Tick Tracks


A few years ago, Biology Professor Tim Parshall, Ph.D., approached Environmental Science Professor Kelly Anne McKeown, Ph.D., to ask if she could isolate the bacteria in ticks that leads to Lyme disease. Dr. McKeown was intrigued, and the two began a cross-departmental project.

Dr. Parshall, a forest ecologist, says that the tick project is an investigation of the complex interactions that happen in a forest. Since the incidence of Lyme disease has been increasing in the northeastern United States, Dr. Parshall became interested in researching the cause. “I’m doing this research to help students understand the process of science and have found that real-world, interesting projects like this help out a lot,” he says.

This semester, Drs. Parshall and McKeown have been working with three students on the tick research—Madison Kaplan ’19, Michelle Hudon ’19, and Paul Sullivan ’19. They are studying the various ways in which environment affects tick population and the bacteria that ticks produce.

Sullivan, a biology major, conducted research as part of the project in the fall 2018 semester and presented his findings at the Center for Undergraduate Research and Creative Activity (CURCA). “The laboratory work has been quite satisfying,” says Sullivan, who plans to focus on a career in clinical laboratory science after graduation. “I truly enjoy working by myself in the lab, because it helps me understand exactly why I am doing each step of the procedure. This sort of project truly gives me a sense of pride in knowing that I put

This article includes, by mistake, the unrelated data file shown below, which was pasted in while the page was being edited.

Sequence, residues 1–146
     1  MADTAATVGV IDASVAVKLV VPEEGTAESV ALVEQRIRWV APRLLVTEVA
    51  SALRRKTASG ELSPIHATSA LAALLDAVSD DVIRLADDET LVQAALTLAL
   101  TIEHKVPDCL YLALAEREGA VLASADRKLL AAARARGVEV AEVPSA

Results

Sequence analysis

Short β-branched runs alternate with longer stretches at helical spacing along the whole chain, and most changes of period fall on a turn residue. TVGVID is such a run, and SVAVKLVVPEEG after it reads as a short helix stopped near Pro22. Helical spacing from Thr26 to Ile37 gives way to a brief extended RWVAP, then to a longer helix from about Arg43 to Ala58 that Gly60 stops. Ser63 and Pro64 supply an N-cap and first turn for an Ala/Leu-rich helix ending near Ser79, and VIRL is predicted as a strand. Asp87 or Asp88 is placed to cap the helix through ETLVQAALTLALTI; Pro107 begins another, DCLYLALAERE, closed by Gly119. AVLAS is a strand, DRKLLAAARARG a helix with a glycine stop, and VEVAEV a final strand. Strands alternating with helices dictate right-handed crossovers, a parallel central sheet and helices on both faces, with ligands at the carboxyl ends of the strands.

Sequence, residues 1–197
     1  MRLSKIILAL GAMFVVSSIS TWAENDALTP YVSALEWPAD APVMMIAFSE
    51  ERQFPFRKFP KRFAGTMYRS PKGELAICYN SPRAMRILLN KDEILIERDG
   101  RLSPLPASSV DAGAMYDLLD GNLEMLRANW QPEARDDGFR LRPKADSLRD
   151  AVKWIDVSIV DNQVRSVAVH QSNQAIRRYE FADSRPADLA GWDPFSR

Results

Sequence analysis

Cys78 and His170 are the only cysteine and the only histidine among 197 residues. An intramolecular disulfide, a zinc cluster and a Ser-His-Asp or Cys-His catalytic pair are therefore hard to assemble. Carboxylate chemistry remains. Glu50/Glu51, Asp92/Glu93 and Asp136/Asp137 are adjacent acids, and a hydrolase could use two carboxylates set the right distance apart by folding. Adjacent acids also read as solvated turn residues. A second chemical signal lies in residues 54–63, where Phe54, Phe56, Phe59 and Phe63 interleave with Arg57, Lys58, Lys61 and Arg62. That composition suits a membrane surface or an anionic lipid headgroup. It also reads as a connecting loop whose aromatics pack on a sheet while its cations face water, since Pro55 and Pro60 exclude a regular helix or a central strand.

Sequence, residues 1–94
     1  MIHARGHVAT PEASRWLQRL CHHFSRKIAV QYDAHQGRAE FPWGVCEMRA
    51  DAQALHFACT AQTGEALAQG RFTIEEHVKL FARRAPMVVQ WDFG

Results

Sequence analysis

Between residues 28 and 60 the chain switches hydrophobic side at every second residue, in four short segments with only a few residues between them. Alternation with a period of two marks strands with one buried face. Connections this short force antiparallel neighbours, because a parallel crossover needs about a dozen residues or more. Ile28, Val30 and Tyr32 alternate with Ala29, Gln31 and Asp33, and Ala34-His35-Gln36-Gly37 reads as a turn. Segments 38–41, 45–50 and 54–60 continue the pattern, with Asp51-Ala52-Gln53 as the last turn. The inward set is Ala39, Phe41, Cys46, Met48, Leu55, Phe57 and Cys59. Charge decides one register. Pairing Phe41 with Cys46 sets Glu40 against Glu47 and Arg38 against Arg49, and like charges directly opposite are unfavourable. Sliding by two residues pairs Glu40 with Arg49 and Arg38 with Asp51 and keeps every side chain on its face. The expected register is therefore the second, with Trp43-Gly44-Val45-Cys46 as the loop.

in the time and effort to produce quality results.”

Most of the students Dr. Parshall works with are seniors, so they come with extensive knowledge of the environmental science field already, but they might not have significant research or troubleshooting skills. “That’s something you have to learn by doing,” Dr. Parshall says. “The skills that students gain through this kind of research—problem-solving, selfdirection, data analysis, troubleshooting—will benefit them in
their future careers as environmental professionals.”

Both professors enjoy the engaging cross-departmental collaboration. Dr. Parshall’s students collect and analyze the ticks, while Dr. McKeown’s students analyze the bacteria. Both professors find it satisfying to see the project from the lens of the other. “It allows us both to do something more interesting and worthwhile than if we were working on our own,” Dr. Parshall says.


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